Proposal: `await [p1, p2]` (equivalent to `await Promise.all([p1, p2])`)

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Proposal: `await [p1, p2]` (equivalent to `await Promise.all([p1, p2])`)

Raul-Sebastian Mihăilă
Then Promise.resolve([p1, p2]) should be like Promise.all([p1, p2]) ?

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Re: Proposal: `await [p1, p2]` (equivalent to `await Promise.all([p1, p2])`)

Olivier Lalonde
I don't think so, what do you mean?

On Wed, Oct 26, 2016 at 12:22 AM, Raul-Sebastian Mihăilă <[hidden email]> wrote:
Then Promise.resolve([p1, p2]) should be like Promise.all([p1, p2]) ?

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Re: Proposal: `await [p1, p2]` (equivalent to `await Promise.all([p1, p2])`)

Raul-Sebastian Mihăilă


On Wed, Oct 26, 2016 at 10:25 AM, Olivier Lalonde <[hidden email]> wrote:
I don't think so, what do you mean?

Conceptually, await is similar to Promise.resolve and this similarity is more useful than saving a few keystrokes.


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Re: Proposal: `await [p1, p2]` (equivalent to `await Promise.all([p1, p2])`)

Jordan Harband
In reply to this post by Olivier Lalonde
Your suggestion would preclude having a promise for an array (exactly what `Promise.all` returns).

If you want `await` syntax for `Promise.all`, you'd need different syntax for it - and then, what about `Promise.race`? What about other future combinators?

On Wed, Oct 26, 2016 at 12:25 AM, Olivier Lalonde <[hidden email]> wrote:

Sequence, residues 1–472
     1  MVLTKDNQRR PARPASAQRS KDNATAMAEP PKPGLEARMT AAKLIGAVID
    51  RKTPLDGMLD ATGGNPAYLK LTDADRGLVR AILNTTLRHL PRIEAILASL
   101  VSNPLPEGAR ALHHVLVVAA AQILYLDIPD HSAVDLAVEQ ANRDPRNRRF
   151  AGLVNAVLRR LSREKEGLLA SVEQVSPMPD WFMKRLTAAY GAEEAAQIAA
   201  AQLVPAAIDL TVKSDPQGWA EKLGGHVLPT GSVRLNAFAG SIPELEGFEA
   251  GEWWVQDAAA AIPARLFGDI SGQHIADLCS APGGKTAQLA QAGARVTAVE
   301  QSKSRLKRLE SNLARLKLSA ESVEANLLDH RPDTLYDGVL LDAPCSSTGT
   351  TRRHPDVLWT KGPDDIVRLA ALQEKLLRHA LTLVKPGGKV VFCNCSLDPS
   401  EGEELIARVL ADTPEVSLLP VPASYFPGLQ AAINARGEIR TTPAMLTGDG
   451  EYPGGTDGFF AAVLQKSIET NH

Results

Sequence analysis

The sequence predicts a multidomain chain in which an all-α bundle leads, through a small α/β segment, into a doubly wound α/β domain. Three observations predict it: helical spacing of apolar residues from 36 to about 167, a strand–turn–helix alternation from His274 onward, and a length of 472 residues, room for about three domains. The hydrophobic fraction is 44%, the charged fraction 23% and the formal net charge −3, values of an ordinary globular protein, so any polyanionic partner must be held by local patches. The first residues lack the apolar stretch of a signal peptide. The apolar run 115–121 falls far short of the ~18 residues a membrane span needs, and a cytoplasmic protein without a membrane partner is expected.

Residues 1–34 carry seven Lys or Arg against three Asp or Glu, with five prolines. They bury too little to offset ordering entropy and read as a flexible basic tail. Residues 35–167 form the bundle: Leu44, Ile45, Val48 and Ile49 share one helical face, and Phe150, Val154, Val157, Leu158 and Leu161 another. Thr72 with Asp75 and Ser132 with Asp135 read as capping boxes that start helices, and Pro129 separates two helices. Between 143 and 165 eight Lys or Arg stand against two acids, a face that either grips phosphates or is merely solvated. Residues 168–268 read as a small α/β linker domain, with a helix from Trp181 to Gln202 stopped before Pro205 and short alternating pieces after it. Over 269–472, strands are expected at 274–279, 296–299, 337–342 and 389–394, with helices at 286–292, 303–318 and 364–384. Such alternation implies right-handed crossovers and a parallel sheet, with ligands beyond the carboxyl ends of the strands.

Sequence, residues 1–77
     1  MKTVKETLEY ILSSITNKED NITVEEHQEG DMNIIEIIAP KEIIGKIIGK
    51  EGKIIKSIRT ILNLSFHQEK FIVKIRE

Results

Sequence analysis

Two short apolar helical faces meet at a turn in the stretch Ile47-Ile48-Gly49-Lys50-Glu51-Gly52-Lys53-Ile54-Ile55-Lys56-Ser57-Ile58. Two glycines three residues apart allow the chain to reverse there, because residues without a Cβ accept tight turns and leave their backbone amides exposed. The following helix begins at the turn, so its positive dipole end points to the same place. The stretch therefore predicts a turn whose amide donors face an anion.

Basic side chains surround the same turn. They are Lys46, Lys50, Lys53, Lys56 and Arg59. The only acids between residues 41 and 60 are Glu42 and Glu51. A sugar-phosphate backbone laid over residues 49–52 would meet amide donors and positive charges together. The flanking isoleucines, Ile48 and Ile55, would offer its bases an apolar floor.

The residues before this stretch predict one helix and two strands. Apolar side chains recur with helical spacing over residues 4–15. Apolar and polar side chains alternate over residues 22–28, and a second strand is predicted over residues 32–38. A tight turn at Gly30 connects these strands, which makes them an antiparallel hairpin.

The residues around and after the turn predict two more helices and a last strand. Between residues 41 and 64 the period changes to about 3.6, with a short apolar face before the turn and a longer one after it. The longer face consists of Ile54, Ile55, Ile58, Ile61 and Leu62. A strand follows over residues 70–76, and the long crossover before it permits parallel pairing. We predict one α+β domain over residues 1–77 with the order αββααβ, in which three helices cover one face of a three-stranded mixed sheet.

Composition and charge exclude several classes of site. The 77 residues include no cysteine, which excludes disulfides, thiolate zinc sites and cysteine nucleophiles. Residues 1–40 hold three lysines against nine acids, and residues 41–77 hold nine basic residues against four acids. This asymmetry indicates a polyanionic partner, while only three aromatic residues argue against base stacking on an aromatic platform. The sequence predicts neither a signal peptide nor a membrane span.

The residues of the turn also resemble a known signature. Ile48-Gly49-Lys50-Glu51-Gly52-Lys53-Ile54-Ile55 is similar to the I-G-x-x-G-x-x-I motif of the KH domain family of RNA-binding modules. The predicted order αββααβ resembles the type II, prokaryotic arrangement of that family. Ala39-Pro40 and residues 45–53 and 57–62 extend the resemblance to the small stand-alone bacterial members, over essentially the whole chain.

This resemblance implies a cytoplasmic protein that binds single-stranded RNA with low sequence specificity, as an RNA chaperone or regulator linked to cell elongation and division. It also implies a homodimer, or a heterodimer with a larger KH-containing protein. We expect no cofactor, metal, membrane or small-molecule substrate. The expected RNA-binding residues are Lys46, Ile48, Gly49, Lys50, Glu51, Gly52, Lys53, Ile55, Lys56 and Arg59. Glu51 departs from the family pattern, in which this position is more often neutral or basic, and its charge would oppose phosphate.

I don't think so, what do you mean?

On Wed, Oct 26, 2016 at 12:22 AM, Raul-Sebastian Mihăilă <[hidden email]> wrote:
Then Promise.resolve([p1, p2]) should be like Promise.all([p1, p2]) ?

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--
- Oli

Oli Lalonde
http://www.syskall.com <-- connect with me!

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Re: Proposal: `await [p1, p2]` (equivalent to `await Promise.all([p1, p2])`)

Olivier Lalonde
I didn't realize `await` could be used on non-`Promise`s, never mind. I wonder why that is, seems strange. Maybe so that async functions could be more easily swapped out with sync ones in code? I do think `Promise.all` should deserve special treatment because it is so common, unlike Promise.race (who uses that seriously?) and future combinators. But I'm not sure it is worth introducing new syntax for.

On Wed, Oct 26, 2016 at 12:33 AM, Jordan Harband <[hidden email]> wrote:
Your suggestion would preclude having a promise for an array (exactly what `Promise.all` returns).

If you want `await` syntax for `Promise.all`, you'd need different syntax for it - and then, what about `Promise.race`? What about other future combinators?

On Wed, Oct 26, 2016 at 12:25 AM, Olivier Lalonde <[hidden email]> wrote: